hockey players in hospital beds: no more will I put my face in front of the puck

Plante Show: Jacques Plante indicates where a puck hit his mask in May of 1970. Visiting is Mrs. Ruth Frohlichstein, a St. Louis neighbour of the goaltender’s who was also described by some contemporary newspaper captioneers as Plante’s “favourite bridge partner.”

“Did you ever see how they kill cattle?” Jacques Plante said. “They use a sledgehammer and the cattle just drop dead. That’s how the shot felt when it hit me. Without the mask I wouldn’t be here today.”

He was in the Jewish Hospital in St. Louis by then, early May of 1970. Eleven years had passed since he’d first donned his famous mask and started a hockey revolution. At 41, with seven Stanley Cup championships to his name, he was nearing the end of his playing days, but he wasn’t there yet. In his second year with St. Louis, he was a favourite of fans, and had helped the Blues reach their third consecutive appearance in the Stanley Cup finals.

Coach and GM Scotty Bowman had used three goaltenders through the early rounds of the playoffs. As the Blues prepared to face Boston in the finals, Bruins’ coach Harry Sinden said, “We recognize Plante as their number one goalie, and I never want to see him in the nets against us.” Bowman didn’t oblige: Plante was the starter on Sunday, May 3, as the Blues opened the series at home at The Arena.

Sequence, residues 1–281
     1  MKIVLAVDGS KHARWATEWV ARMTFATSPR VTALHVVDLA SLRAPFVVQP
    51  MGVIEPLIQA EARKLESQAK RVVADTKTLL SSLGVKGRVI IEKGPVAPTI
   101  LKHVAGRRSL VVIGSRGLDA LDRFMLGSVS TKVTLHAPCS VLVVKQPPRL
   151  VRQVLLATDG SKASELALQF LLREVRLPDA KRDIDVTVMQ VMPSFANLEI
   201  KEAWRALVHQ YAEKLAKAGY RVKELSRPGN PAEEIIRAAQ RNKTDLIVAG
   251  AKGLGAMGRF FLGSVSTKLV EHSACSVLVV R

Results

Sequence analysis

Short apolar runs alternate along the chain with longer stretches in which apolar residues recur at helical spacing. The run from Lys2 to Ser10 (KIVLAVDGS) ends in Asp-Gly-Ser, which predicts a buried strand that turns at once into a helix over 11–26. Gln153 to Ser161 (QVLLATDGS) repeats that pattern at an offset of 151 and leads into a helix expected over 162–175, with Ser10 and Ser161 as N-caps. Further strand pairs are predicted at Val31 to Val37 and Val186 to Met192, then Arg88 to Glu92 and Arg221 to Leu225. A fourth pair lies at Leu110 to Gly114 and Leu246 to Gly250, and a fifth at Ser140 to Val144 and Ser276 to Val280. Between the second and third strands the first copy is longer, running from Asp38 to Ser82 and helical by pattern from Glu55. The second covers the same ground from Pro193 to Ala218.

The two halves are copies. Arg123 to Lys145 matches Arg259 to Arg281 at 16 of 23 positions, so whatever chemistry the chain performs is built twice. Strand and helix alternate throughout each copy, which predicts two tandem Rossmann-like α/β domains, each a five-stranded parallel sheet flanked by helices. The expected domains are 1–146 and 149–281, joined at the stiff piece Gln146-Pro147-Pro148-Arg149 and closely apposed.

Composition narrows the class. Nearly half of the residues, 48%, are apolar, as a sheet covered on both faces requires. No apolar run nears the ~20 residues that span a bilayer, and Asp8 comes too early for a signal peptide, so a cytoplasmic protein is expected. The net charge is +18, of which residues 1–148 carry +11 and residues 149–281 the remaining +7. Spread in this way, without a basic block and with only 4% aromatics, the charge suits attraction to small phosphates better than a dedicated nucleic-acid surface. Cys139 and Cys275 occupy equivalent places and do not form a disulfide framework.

Boston’s Johnny Bucyk scored in the first period, Jim Roberts tied the score for St. Louis early in the second. Then, as recalled next day in The St. Louis Post-Dispatch: “The 41-year-old Blues goalie was struck on the fiberglass mask above the left eye on a deflection of a shot by the Boston Bruins’ Fred Stanfield.” Another correspondent from the same paper had him “felled by a puck.”

UPI: “nearly had his head torn off Fred Stanfield’s screamer.”

Stanfield’s “brow-bender,” was Harold Kaese’s contribution, in The Boston Globe.

“The Boston player’s drive, which started out low, glanced off Phil Esposito’s stick and smashed into the veteran goalie’s mask, cracking it.” (Post-Dispatch)

He fell facedown. For two minutes he lay unconscious on the ice. Blues’ doctor J.G. Probstein and trainer Tommy Woodcock “worked on” him, the AP said. After about five minutes, they got him to his feet. He wobbled. They brought out a stretcher, but he wanted to skate off.

Ernie Wakely, 28, was the Blues’ back-up. He came in and did his best, but the Bruins kept coming, and won by a score of 6-1 with the aid of Bucyk’s hattrick.

Later, Dr. Probstein said it was a concussion and that while Plante’s condition was “satisfactory,” he’d be hospitalized “for an indefinite period of time.”

Plante’s first words (“after his head cleared”) were said to be: “The mask saved my life.”